The Washington Medallion Pen Company is not well-known, but it set so many precedents for the US steel pen industry. They were the first to bring skilled British tool makers from Birmingham, they were the first to truly advertise nationally. Others had sold their pens regionally, but Washington Medallion’s marketing went further than any had before. Through their lawsuits they also set legal precedents for trade mark protection and changed how the steel pen makers who came after designed and sold their pens.

I’m not completely finished with Washington Medallion. There are a couple of other topics of interest to cover. Next I will take the article from United States Magazine I’m referenced multiple times, and go over it more completely, as it is a fascinating, and detailed, glimpse into pen making technology and techniques in the middle of the 19th-century.

And in case you missed it, I also recently added a short entry on stub steel pens in response to several questions I’ve received.

As always, I appreciate feedback and questions, and I hope you enjoy the latest entries.

Statement of Ethics

As I was starting to write a post about equipment, I realized I should probably write up a quick statement of ethics for my site. All public sites which end up reviewing or talking about commercially available products or services should have one. So, this is mine.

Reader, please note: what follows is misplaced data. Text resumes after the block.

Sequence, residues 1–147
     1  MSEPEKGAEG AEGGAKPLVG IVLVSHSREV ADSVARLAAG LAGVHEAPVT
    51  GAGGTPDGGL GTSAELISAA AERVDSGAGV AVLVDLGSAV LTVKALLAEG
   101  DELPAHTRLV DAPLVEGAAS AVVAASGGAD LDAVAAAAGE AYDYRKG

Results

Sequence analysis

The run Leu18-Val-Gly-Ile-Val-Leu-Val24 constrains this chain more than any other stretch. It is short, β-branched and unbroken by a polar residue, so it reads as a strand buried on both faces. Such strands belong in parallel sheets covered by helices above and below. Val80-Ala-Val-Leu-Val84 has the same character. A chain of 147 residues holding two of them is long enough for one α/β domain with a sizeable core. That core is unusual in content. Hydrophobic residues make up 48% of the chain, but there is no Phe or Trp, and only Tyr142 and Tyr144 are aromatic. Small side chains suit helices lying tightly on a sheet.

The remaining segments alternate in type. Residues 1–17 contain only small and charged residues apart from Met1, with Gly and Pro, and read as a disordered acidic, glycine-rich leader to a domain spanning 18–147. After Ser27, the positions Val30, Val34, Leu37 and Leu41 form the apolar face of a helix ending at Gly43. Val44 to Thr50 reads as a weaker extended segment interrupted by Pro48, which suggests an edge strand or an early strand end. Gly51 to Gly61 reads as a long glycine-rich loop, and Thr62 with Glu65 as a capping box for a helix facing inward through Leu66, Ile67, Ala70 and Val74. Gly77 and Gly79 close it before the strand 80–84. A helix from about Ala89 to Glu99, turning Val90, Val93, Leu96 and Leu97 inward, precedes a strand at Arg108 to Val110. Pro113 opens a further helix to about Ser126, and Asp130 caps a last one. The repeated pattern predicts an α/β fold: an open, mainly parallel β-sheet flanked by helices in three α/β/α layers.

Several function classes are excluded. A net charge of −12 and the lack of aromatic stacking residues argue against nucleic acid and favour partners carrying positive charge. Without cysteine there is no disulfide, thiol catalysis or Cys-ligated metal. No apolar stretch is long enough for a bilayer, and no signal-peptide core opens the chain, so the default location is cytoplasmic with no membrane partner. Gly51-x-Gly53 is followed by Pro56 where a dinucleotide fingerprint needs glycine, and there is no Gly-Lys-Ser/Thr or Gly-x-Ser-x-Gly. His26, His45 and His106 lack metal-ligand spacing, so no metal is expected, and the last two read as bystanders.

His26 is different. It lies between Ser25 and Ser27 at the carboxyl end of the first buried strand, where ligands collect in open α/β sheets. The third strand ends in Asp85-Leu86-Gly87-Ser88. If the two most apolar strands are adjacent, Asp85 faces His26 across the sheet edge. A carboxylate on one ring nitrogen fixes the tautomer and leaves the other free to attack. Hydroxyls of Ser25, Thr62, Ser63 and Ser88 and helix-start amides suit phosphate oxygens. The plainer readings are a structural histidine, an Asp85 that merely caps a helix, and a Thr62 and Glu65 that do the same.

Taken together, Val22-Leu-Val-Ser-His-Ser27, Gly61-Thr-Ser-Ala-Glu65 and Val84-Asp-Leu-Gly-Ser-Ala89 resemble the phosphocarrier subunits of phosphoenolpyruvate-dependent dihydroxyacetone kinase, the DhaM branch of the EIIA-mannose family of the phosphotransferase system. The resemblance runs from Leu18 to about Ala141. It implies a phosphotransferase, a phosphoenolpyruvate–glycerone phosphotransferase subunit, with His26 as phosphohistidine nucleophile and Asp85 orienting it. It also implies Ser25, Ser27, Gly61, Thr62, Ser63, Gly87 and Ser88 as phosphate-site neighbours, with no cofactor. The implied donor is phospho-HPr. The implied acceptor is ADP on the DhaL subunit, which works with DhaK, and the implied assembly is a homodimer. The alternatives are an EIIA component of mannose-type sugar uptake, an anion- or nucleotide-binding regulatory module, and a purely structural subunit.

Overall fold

I don’t accept free or discounted products or services. All products, services, sites, etc… I mention on my blog are there because I value them and use them myself.

Should anyone care to send me new products, highly unlikely and there wouldn’t be much I’d be interested in, if I wanted to keep it I would pay for it.

Vintage objects are in a different category because these are not, generally, commercially available objects and I doubt that sending me a box of Turner & Harrison pens, as an example, would corrupt me or enrich anyone else. I would only accept such objects if they contributed to the historical understanding and mission of this blog.

I may, rarely, place a link to an item on Amazon or another commercial site as part of their affiliate program. I will only link to items I use and recommend, and the pitiful amount of money this may or may not bring in will help defray the minimal costs of this blog. I send you to a useful item, I may get a few cents back. That works for me and it will be obvious when it happens. This site is not about modern items being sold today, so this will be a very rare occasion when or if it happens.

Why am I writing this? Mainly because these days it’s difficult to know to whom you should listen. I’m just a guy with a strange hobby who likes to share information. The opportunity for me to be corrupted by Big Steel Pen, and sell my soul for a slice of their riches is, um, less than likely. But I also want the readers of this blog to feel comfortable should I ever recommend someone or something. I want you all to know that I do it because I truly believe it’s the right thing, a good thing, and for no other reason.

Hopefully that’s the last I have to say about that.